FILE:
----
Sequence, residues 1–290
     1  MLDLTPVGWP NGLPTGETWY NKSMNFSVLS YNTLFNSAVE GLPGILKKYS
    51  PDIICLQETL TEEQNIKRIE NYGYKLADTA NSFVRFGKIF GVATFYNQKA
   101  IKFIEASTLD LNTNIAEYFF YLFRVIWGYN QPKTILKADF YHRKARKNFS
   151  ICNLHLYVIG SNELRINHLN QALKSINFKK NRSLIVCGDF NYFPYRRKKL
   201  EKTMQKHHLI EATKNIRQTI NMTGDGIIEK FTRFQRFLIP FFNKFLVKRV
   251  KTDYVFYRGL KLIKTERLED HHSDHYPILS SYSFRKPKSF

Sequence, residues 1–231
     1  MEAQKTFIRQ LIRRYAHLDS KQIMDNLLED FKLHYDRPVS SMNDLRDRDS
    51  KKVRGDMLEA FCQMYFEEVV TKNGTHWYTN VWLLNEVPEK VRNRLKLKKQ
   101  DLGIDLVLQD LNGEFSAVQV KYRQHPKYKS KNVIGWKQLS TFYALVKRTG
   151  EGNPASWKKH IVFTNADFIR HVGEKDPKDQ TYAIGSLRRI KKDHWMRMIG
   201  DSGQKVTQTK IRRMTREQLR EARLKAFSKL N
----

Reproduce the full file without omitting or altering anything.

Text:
Sequence, residues 1–290
     1  MLDLTPVGWP NGLPTGETWY NKSMNFSVLS YNTLFNSAVE GLPGILKKYS
    51  PDIICLQETL TEEQNIKRIE NYGYKLADTA NSFVRFGKIF GVATFYNQKA
   101  IKFIEASTLD LNTNIAEYFF YLFRVIWGYN QPKTILKADF YHRKARKNFS
   151  ICNLHLYVIG SNELRINHLN QALKSINFKK NRSLIVCGDF NYFPYRRKKL
   201  EKTMQKHHLI EATKNIRQTI NMTGDGIIEK FTRFQRFLIP FFNKFLVKRV
   251  KTDYVFYRGL KLIKTERLED HHSDHYPILS SYSFRKPKSF

Sequence, residues 1–231
     1  MEAQKTFIRQ LIRRYAHLDS KQIMDNLLED FKLHYDRPVS SMNDLRDRDS
    51  KKVRGDMLEA FCQMYFEEVV TKNGTHWYTN VWLLNEVPEK VRNRLKLKKQ
   101  DLGIDLVLQD LNGEFSAVQV KYRQHPKYKS KNVIGWKQLS TFYALVKRTG
   151  EGNPASWKKH IVFTNADFIR HVGEKDPKDQ TYAIGSLRRI KKDHWMRMIG
   201  DSGQKVTQTK IRRMTREQLR EARLKAFSKL N